Whilst Donald Trump won't be the first US president to have a Twitter account – Barack Obama holds that claim – he will be the first President to have one at the time of inauguration, though that isn't the only difference. Donald Trump and Barack Obama use their primary Twitter channels in two completely different ways: if we take a look at the metadata from both of Mr Trump and Mr Obama's Twitter feeds you can start to paint a picture of who is actually Tweeting from their accounts.
We'll take the first 50 days of Trump's time as president elect as a sample period. Analysing the metadata, you can see that that @realDonaldTrump Tweeted 221 times, 153 (69%) of these Tweets came from an Android, presumably Trump's personal Samsung Galaxy, 59 (27%) came from an iPhone and nine (4%) came from Twitter's web client. You'll also see that @BarackObama has Tweeted just once, from Twitter's web client.
Data analysists who have covered this topic in the past have concluded that all Tweets coming from the iPhone device are written by Trump's staff – this is backed up by the fact that the majority of Tweets from an iPhone include links, not one from the Android device does. Almost exclusively, Obama's Tweets come from the web client and from his staff; you know this because Barack Obama has previously stated that the closest he gets to Tweeting is dictating a Tweet.
If we strip both channels down to their primary uses, you can see one major difference – the language. Trump has previously stated, “I know words, I have the best words,” but you have to say the language used on Barack’s feed is cleaner and more eloquent – though this doesn’t necessarily mean that is it ‘better’.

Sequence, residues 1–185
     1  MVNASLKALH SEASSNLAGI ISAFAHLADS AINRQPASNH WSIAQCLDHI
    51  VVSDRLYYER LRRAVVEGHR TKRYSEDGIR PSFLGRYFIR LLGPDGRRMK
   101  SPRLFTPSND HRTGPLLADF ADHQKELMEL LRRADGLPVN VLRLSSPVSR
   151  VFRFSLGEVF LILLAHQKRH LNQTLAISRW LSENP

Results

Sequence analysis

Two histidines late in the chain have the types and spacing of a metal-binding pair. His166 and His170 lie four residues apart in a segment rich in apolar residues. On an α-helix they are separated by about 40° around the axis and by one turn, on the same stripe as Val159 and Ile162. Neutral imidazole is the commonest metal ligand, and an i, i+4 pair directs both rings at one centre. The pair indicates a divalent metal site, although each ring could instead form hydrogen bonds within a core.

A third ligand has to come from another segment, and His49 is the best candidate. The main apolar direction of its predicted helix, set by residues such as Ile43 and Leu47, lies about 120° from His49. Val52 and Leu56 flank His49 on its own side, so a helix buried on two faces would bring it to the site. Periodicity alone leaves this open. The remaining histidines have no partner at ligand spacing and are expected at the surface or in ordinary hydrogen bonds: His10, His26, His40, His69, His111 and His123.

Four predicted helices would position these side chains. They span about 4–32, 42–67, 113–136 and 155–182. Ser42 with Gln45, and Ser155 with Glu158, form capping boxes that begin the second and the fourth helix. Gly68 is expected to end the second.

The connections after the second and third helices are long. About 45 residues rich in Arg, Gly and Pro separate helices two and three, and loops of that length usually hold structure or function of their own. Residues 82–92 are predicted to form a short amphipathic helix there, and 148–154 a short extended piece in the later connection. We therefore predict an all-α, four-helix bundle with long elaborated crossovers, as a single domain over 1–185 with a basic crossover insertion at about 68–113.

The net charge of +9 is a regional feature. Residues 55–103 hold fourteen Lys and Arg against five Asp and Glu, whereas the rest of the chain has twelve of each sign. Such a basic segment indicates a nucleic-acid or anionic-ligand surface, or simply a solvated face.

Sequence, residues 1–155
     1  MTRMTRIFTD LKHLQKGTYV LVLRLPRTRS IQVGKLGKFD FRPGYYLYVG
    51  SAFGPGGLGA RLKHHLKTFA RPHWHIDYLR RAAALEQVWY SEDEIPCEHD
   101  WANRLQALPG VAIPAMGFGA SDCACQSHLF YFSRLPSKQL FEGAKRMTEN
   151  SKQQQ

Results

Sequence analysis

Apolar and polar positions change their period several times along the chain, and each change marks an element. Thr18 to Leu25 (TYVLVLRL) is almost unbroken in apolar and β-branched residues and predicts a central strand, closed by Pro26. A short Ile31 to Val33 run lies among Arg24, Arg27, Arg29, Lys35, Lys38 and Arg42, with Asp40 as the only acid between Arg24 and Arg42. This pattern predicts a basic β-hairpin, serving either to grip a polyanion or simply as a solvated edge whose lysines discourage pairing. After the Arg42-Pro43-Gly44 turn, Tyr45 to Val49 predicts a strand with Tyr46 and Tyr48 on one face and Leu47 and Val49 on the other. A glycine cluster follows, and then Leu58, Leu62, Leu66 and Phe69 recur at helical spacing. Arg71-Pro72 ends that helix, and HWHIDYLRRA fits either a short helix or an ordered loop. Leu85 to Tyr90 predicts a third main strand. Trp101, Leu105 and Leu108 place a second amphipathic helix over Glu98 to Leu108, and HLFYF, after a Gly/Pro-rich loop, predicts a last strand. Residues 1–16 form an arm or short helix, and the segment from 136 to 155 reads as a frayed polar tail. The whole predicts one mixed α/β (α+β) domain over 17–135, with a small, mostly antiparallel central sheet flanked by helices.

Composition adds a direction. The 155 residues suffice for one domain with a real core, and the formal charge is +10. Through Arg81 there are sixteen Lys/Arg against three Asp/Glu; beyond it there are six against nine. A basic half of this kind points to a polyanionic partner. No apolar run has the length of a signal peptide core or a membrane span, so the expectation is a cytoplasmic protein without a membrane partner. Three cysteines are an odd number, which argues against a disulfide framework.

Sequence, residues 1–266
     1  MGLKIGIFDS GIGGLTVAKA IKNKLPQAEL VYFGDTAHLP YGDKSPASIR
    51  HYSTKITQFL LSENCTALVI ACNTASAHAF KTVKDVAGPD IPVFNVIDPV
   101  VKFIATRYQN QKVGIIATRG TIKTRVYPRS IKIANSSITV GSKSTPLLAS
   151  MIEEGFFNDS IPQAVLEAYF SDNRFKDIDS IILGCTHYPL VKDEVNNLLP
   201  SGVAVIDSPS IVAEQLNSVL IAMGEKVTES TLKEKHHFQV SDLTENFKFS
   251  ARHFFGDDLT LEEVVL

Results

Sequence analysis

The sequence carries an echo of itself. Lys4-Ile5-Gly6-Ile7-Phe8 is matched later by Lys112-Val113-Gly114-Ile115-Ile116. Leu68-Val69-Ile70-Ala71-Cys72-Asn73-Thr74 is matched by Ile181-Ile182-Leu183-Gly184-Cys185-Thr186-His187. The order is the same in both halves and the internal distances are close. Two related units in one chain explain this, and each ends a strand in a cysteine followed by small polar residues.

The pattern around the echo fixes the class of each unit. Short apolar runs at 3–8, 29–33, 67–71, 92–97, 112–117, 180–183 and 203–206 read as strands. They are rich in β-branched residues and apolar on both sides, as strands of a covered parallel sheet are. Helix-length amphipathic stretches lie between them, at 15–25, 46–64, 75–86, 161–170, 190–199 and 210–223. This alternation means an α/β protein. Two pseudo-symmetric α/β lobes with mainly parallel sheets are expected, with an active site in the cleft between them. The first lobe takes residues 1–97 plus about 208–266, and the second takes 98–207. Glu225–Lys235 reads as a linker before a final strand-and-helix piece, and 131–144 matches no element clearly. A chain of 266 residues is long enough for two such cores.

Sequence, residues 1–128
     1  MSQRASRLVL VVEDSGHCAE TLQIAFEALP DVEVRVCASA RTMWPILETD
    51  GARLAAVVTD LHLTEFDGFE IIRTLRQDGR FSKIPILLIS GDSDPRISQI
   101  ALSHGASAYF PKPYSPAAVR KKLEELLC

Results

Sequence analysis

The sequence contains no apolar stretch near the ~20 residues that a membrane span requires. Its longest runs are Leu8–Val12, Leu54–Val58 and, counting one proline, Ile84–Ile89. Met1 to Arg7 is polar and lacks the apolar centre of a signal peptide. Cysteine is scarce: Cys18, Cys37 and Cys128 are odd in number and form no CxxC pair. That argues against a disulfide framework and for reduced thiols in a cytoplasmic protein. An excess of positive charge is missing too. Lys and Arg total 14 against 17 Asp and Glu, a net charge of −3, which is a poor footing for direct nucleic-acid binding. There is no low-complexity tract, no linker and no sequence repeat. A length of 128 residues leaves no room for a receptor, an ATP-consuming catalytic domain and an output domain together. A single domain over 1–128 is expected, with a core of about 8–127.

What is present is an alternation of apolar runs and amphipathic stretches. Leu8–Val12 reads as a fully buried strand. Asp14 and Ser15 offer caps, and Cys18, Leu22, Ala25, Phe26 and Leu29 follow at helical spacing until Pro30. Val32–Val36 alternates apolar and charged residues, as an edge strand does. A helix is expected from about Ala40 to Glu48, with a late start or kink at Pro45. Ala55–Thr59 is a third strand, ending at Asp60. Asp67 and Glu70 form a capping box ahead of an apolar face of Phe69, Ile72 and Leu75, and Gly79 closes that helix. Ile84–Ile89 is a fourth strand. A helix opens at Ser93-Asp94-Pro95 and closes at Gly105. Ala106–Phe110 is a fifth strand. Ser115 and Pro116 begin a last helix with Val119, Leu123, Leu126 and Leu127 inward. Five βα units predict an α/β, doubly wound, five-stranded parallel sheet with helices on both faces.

Trump often uses sentiment stance at the end of his of Tweets (see above) – this is his salesman coming out. Sentiment stances are persuasion techniques used to control somebody’s emotional reaction when you’re speaking to them – it’s rare to see this in writing, and that makes you ask the question, should we treat this as a normal written communication? Whilst Barack Obama (and most public figures) use social media platforms to write, Donald Trump uses them to speak. This is the way that ‘normal’ people use social media; though what he is saying is often controversial, you can’t help but recognise that Donald Trump’s use of Twitter plays to the anti-establishment rhetoric he uses as part of his persona.
Although I’m remaining objective on this subject, I don't mind saying that in articles like this I would usually embed Tweets directly from Twitter. Though to time-proof this article, I chose to use images of the Tweets, just in case Donald's account disappears – UNPREDICTABLE!